Geoffrey Chaucer: The Father Of English Literature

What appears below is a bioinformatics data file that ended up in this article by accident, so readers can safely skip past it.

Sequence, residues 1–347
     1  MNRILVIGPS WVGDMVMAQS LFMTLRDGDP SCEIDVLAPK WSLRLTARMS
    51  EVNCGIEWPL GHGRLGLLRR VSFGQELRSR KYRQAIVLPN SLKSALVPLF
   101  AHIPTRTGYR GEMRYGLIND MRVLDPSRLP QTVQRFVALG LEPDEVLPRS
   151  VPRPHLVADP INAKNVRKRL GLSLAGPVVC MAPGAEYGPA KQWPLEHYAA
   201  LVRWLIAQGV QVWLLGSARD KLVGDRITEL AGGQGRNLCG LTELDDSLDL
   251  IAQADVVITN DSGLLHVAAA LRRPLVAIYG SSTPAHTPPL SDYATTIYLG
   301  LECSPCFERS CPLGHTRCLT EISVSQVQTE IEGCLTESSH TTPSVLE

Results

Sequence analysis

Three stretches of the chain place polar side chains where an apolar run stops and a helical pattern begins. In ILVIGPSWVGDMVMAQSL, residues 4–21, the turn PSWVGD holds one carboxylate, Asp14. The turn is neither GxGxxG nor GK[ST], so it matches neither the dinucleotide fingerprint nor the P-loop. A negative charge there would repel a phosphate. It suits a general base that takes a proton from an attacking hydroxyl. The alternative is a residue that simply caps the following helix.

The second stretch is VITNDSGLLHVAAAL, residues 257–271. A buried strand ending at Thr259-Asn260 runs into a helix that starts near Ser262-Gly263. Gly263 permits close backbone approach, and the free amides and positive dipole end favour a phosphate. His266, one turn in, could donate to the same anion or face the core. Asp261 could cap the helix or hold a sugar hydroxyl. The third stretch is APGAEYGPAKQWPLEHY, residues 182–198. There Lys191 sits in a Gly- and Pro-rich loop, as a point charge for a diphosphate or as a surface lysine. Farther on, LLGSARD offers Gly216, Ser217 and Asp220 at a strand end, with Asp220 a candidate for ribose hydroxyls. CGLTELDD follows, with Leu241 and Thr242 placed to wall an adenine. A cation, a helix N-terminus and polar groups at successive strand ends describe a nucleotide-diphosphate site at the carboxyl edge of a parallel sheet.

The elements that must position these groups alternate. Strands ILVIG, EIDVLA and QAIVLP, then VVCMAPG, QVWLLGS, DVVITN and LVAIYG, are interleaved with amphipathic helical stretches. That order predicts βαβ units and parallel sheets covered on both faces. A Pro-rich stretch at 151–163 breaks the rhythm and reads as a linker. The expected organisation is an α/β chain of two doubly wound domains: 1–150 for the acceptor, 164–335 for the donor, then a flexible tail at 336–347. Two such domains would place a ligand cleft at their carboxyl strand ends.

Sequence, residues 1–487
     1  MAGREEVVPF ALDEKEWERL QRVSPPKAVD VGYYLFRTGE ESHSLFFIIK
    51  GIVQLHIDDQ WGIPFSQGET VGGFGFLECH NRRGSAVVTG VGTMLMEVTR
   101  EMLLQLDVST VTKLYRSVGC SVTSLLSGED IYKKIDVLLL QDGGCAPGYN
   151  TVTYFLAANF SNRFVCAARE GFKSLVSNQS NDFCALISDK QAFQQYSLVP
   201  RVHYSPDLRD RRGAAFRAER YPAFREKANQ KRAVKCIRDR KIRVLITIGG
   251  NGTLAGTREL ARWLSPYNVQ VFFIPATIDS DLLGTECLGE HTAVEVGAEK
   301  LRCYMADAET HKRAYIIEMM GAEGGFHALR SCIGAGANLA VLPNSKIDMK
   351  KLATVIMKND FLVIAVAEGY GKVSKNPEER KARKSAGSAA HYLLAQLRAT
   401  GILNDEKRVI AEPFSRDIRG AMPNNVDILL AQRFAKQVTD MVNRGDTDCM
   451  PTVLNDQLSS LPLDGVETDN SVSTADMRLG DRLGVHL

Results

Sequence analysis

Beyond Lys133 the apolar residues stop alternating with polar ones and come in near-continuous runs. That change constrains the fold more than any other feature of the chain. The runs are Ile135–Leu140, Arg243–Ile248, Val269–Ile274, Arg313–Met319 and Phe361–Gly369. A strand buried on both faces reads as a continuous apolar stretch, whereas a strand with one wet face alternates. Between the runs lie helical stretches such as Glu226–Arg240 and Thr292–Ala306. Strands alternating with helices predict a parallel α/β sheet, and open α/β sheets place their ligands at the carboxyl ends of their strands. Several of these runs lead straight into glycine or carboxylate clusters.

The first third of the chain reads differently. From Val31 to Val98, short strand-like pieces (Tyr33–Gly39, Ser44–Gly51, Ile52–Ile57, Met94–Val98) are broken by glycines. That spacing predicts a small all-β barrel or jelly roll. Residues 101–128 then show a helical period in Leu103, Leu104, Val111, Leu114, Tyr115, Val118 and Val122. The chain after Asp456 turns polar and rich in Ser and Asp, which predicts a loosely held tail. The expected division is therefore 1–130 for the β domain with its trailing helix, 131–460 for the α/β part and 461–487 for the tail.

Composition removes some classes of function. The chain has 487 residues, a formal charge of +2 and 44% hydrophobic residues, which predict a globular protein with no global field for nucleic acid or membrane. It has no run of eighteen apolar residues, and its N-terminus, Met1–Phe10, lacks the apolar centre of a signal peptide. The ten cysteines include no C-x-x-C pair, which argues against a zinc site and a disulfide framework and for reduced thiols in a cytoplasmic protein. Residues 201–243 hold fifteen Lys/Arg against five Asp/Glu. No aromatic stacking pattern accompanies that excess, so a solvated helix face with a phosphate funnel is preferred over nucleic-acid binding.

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Geoffrey Chaucer Geoffrey Chaucer known as the Father of English literature, is widely considered the greatest English poet of the Middle Ages. He was the first poet to be buried in Poets ' Corner of Westminster Abbey. While he achieved fame during his lifetime as an author, philosopher, and astronomer, composing a scientific treatise on the astrolabe for his ten-year-old son Lewis, Chaucer also maintained an active career in the civil service as a bureaucrat, courtier and diplomat. Among his many works are The Book of the Duchess, The House of Fame, The Legend of Good Women and Troilus and Criseyde. He is best known today for The Canterbury Tales. Geoffrey Chaucer was born in London sometime around 1343, though the precise date and location of his birth remain unknown. His father and grandfather were both London vintners (wine merchants); several previous generations had been merchants in Ipswich. While records concerning the lives of his contemporary poets, William Langland and the Pearl Poet, are practically non-existent, since Chaucer was a public servant, his official life is very well documented, with nearly five hundred written items testifying to his career. The first of the "Chaucer Life Records" appears in 1357, in the household accounts of Elizabeth de Burgh, the Countess of Ulster, when he became the noblewoman 's page through his father 's connections, a common medieval form of apprenticeship for boys into knighthood or prestige appointments. The countess was

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